Bactrocera tryoni exhibited reduced number of visits and time spent at a food source in the presence of olfactory cues from predators. Reduced foraging activity has an obvious fitness cost of reduced acquisition of nutritional resources41. The absence of response to olfactory cues from the tested non-predator indicates that the response to predator cues does not reflect simply a general change in foraging behaviour in the presence of any olfactory cues. Instead, the reductions in foraging behaviour appear to reflect the danger indicated by specific olfactory cues from predators.
Animals may accrue substantial fitness advantages when they choose to oviposit in sites that increase the survival and growth of their offspring24,26. There is abundant evidence that many aquatic insects make oviposition choices based on cues that enable them to estimate predation risk, thus decreasing mortality of their offspring42. However, few studies in terrestrial insects are available. As predicted, female flies decreased oviposition in the presence of predator cues. Effects of both ant and spider volatiles likely reflect direct risks to ovipositing female flies. Oviposition requires a female to spend time at an oviposition site, likely increasing the chances of detection by a predator. Also, female flies may be less able to detect or escape from predators while ovipositing. Responses to olfactory cues from the ant O. smaragdina may also reflect that ants forage on fruit fly eggs and larvae in addition to adults43.
Olfactory cues from predators completely eliminated mating activity of B. tryoni. In some wolf spiders, males are known to wait longer to initiate mating in the presence of predator cues, thereby decreasing predation risk44. While this change in mating behaviour reduces predation risk, males employing this strategy often suffer reduced mating rates23. Only a handful of previous studies have reported differential responses of prey species to odors from different predators14,45 with no previous studies in tephritid flies. Chemical cues from predators that drive non-consumptive effects are poorly understood in insects (For an exception, see25). Some studies have reported that prey species respond to predator cues associated with consumed conspecifics, rather than endogenous predator cues10,19,46,47. In our experiments, predators were not fed B. tryoni, and hence the olfactory cues appear to be from the predators themselves. The flies used in our experiments were predator-naïve, and so the observed responses must be innate rather than learned.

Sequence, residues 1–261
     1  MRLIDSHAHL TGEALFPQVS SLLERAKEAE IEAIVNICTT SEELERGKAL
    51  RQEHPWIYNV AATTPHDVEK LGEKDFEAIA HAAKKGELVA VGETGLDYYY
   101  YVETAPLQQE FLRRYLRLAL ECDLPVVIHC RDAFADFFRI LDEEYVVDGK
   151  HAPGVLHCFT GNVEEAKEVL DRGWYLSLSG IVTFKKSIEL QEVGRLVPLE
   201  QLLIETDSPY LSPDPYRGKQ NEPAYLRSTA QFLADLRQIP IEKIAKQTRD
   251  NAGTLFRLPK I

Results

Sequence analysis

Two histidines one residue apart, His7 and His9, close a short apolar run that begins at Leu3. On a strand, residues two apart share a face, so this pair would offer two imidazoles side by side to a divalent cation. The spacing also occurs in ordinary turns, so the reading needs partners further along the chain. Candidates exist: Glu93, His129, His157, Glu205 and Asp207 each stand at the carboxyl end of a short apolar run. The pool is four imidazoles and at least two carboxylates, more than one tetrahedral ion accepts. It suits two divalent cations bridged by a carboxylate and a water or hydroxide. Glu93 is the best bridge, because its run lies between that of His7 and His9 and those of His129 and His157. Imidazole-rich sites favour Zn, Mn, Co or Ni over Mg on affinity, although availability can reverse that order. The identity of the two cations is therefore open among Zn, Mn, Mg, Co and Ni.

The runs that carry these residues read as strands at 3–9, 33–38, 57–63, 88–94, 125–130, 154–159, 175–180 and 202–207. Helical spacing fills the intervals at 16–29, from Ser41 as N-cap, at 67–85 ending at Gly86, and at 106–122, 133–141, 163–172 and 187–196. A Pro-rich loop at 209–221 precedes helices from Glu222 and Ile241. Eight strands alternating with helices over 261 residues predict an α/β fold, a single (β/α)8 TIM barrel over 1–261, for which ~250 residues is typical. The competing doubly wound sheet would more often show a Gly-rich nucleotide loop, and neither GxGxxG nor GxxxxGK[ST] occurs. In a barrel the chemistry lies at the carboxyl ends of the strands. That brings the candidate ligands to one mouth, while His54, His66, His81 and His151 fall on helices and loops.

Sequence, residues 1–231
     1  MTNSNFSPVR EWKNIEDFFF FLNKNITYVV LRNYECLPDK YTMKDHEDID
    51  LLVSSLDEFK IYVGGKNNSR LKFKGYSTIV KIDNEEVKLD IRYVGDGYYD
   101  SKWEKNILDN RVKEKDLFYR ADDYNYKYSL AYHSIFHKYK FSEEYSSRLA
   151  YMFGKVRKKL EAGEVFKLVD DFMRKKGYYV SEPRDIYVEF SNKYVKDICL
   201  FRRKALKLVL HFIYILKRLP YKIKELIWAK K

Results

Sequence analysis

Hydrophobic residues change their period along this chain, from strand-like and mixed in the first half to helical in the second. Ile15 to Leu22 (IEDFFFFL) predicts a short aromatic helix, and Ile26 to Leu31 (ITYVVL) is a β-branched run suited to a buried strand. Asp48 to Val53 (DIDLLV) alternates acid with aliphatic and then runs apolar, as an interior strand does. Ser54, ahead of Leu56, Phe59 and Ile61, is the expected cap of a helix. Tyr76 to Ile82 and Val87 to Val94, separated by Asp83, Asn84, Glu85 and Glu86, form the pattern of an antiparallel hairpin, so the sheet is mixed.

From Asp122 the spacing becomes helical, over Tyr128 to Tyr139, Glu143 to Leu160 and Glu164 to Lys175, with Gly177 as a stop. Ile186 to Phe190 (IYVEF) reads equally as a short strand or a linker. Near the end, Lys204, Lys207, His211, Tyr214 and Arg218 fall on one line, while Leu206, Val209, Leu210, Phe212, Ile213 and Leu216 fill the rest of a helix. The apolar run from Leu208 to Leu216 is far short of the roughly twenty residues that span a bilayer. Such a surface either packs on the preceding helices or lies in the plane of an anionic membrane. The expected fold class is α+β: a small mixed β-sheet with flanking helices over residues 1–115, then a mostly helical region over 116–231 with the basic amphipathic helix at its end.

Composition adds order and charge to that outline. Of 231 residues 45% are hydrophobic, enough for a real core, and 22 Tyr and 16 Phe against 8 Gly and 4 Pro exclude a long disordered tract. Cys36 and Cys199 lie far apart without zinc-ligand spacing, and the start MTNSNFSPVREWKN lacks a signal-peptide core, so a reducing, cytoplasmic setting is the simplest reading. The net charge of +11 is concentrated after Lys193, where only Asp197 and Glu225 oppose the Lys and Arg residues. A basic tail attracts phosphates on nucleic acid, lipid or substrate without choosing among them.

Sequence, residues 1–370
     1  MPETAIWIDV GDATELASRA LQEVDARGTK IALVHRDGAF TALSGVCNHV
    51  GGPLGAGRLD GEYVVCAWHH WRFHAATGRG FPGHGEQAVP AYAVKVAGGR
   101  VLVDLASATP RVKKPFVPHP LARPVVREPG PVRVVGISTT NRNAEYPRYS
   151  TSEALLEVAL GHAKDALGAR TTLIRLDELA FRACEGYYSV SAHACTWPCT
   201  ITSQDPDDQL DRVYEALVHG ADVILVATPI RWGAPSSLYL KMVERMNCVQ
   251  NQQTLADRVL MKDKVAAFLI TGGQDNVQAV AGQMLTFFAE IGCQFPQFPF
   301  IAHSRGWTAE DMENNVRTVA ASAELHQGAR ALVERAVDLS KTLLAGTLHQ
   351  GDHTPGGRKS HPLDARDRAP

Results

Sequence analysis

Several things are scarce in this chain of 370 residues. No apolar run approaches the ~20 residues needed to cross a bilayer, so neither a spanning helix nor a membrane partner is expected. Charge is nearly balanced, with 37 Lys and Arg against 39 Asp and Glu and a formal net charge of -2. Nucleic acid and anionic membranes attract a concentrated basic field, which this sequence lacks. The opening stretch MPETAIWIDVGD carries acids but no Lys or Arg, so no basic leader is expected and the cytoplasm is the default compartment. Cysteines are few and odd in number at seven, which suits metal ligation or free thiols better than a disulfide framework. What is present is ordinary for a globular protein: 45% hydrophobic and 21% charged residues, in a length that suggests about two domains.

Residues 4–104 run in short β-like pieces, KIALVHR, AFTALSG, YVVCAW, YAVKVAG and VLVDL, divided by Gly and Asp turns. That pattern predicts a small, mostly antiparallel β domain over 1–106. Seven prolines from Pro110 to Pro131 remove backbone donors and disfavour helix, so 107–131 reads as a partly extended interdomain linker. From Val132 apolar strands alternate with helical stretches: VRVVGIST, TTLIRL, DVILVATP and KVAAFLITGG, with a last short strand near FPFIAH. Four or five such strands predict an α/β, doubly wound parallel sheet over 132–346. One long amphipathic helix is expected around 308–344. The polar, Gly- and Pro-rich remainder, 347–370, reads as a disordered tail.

This is the first detailed study of predator-specific responses to olfactory cues in a tephritid fly and is one of few such studies in terrestrial insects more broadly. Our findings indicate olfaction-mediated behaviour as a key for understanding predator-prey relations in tephritid flies, as well as for how tephritid fruit flies manage conflicts and trade-offs between fitness currencies. We found distinct responses to olfactory cues from each of the predators tested with B. tryoni and anticipate that distinct responses would also be evident for many other untested predators. We also anticipate that other tephritid flies will have comparable abilities to detect and respond to olfactory cues from their similarly diverse predators. The present study indicates that substantial advances in understanding the behavioural and chemical ecology of tephritid flies can be achieved by a new focus on the role of olfaction in predator-prey relations.